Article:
After 75 years, dog track has finally run its course
For 75 years, the pink and green neon-lit sign that crowns the entrance to Walthamstow Stadium in east London has stood as one of greyhound racing's most iconic symbols.
To fans, the venue is one of the finest in the country to watch the sport. For animal rights activists who picket the gates on race nights, it is one of the last remaining bastions of a declining and inhumane pastime.
In August, however, the lights will finally go out at Walthamstow. Falling profits and attendances have forced the stadium's owners to sell the land to developers. Charles Chandler, whose family have owned the course since it opened in 1933, said yesterday: "With all of the principal income streams in sharp decline, and general running costs rising relentlessly, the company's operations have become unsustainable."
The loss of such a prominent stadium will come as a major blow to the greyhound racing industry, which is struggling to attract new punters. Over the past 10 years, at least 20 licensed and independent stadiums have closed for good.
More than four million people ayear bet an estimated £2.9bn on dog racing but, despite enjoying a brief renaissance in the 1990s, the sport has had difficulty keeping up attendances. Changing perceptions of the sport, coupled with punters favouring the betting shops rather than race tracks, has seen the numbers of people going for a "night at the dogs" drop dramatically.
In London, the industry has been hit particularly hard. At the height of dog racing's appeal in the 1950s, up to 100,000 people attended race nights at White City Stadium and the capital boasted more than 30 dog tracks. After Walthamstow closes this summer, only two will be left: Wimbledon and Romford.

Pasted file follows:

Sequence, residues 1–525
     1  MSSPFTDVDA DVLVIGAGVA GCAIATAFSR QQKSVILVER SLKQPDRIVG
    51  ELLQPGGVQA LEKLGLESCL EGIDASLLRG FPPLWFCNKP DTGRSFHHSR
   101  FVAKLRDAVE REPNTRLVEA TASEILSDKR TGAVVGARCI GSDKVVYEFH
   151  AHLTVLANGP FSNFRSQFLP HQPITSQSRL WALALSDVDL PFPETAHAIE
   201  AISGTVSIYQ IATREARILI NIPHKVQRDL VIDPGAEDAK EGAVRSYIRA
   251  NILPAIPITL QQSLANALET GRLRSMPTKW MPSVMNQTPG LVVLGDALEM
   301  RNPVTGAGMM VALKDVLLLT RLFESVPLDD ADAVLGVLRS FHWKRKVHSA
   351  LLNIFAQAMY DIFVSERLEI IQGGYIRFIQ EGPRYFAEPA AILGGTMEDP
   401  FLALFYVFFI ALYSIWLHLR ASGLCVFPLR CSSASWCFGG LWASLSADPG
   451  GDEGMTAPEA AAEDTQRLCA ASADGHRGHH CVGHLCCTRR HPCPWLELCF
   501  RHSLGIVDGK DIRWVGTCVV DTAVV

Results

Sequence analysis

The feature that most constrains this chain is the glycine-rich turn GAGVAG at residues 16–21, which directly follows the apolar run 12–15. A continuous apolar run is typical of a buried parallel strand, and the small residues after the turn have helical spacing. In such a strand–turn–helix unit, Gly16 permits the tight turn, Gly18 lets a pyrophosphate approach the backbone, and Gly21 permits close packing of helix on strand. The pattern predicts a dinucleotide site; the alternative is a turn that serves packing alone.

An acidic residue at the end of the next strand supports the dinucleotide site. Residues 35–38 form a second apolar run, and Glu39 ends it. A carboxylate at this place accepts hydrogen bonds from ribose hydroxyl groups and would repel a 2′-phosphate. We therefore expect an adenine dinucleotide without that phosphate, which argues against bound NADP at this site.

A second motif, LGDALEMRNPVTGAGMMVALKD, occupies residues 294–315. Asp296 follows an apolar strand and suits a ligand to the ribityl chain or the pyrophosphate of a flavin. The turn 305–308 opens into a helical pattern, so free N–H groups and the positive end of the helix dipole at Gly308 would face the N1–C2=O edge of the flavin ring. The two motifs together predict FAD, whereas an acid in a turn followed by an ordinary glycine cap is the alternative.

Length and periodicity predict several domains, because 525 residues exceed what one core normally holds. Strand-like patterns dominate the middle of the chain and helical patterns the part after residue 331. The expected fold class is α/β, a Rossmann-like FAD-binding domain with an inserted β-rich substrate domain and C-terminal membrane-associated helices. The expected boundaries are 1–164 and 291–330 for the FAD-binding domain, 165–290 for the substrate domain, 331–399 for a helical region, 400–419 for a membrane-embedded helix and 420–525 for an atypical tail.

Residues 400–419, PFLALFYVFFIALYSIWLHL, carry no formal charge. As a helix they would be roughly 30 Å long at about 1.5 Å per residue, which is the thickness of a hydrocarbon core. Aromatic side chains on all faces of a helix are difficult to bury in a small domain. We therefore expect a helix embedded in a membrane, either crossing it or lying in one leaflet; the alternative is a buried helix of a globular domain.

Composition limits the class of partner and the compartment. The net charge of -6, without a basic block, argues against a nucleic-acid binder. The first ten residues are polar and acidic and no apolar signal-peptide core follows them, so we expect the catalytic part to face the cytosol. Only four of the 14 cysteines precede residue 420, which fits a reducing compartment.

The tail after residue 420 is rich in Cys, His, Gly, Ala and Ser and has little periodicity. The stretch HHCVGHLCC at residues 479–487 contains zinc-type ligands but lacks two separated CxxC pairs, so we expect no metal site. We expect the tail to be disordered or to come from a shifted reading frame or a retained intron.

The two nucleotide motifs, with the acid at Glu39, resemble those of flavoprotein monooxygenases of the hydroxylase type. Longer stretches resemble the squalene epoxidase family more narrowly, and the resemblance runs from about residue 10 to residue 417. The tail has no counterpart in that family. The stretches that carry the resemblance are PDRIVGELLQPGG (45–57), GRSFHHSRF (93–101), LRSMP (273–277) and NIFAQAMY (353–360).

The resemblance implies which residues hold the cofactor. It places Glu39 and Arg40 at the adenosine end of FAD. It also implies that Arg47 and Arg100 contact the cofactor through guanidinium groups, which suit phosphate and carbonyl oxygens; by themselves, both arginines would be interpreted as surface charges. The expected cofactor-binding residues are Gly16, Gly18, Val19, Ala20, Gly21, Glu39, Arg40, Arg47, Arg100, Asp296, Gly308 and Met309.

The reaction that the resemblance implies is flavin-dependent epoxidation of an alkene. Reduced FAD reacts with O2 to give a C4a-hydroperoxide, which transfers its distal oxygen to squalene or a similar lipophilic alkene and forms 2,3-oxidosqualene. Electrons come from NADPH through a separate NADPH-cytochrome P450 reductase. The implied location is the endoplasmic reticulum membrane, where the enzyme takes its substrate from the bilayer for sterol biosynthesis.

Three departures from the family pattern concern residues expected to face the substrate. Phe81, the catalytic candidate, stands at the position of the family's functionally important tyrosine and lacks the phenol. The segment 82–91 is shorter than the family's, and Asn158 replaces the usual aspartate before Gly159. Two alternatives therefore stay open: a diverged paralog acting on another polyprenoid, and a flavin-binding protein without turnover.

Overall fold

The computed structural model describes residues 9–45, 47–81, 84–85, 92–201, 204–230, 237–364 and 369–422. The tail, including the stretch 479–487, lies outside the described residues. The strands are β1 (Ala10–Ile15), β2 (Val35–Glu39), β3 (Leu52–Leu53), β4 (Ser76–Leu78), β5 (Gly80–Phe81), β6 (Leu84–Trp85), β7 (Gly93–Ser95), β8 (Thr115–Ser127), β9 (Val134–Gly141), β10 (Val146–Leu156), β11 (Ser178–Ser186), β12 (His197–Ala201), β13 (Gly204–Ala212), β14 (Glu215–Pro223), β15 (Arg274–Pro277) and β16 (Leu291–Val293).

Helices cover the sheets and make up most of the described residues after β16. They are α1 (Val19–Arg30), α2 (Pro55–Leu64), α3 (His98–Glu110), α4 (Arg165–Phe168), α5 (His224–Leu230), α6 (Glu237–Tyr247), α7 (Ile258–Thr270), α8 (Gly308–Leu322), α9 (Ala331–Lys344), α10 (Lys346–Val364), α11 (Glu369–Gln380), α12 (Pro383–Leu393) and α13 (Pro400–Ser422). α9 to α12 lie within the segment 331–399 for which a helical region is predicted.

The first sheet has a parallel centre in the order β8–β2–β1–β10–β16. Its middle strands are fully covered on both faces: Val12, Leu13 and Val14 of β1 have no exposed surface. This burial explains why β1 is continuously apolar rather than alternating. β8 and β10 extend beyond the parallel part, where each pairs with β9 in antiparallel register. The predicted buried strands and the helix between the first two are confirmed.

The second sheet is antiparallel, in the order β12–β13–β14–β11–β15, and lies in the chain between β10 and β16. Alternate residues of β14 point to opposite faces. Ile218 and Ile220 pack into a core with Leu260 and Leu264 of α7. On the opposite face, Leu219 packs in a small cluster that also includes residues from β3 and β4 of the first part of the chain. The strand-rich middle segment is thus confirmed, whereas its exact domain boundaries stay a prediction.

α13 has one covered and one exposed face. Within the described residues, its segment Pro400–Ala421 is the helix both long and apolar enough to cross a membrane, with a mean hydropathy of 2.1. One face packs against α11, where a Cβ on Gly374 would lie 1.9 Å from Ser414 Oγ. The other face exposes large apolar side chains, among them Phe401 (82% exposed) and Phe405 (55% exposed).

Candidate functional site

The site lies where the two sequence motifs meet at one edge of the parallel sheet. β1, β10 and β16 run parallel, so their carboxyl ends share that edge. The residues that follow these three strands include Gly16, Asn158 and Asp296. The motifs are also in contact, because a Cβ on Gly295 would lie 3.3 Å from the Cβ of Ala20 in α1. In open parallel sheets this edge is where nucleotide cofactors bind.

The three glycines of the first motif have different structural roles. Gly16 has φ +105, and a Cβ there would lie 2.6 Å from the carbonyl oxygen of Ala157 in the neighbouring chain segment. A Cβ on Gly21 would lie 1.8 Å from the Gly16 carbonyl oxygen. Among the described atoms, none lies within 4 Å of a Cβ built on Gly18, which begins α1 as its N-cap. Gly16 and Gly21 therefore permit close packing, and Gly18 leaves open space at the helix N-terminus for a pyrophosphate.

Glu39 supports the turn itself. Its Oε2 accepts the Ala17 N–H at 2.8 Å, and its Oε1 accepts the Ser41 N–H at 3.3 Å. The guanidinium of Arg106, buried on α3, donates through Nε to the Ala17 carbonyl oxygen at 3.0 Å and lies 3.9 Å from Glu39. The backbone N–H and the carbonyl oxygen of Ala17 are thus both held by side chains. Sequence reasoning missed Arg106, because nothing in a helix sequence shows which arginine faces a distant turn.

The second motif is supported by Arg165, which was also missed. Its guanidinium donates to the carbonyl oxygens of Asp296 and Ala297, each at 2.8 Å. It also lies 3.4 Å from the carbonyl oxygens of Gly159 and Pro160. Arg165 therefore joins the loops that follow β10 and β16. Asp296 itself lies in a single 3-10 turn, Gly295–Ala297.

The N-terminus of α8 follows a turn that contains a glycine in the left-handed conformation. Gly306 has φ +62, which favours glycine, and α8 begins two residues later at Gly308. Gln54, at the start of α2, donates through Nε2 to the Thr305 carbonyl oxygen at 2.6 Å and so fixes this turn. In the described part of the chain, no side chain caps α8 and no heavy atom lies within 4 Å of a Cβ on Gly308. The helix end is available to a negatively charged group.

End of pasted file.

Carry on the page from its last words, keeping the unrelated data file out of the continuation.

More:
Last night, online greyhound racing forums were filled with comments by fans lamenting the closure. "If Walthamstow can be closed down that easily, God help the other stadiums," said one.
Lord Lipsey, chairman of the British Greyhound Racing Board, said that Walthamstow would be sorely missed. "While no one who follows events at Walthamstow will be hugely surprised by this very sad news, it is a great pity to lose one of the sport's flagship venues at a time when attendances at other stadia appear to be increasing. My sympathies go out to the owners, trainers and kennel staff connected to the track, to all the staff, track bookmakers and the racegoers who have helped make greyhound racing at Walthamstow the wonderful experience it is and always has been."
Animal rights activists, who claim greyhound racing is a cruel to dogs, reacted with glee. "We are absolutely delighted to hear the news," said Tony Peters, of the Greyhound Action group. "We have been campaigning outside Walthamstow every weekend for the past year and I would like to think that has had a significant impact on attendance figures."
Animal welfare groups claim that up to 15,000 greyhounds a year are put down after failing to make the grade for racing, while a further 500 die from racing itself. Thousands more are put down after they retire.
A Government report last year into welfare standards within dog racing after a builder from County Durham was discovered to have killed hundreds of dogs on his land for £10 each. The report, by the former farming minister Lord Donoghue, said standards in greyhound racing "needed to change" and called for improvements in dog welfare.
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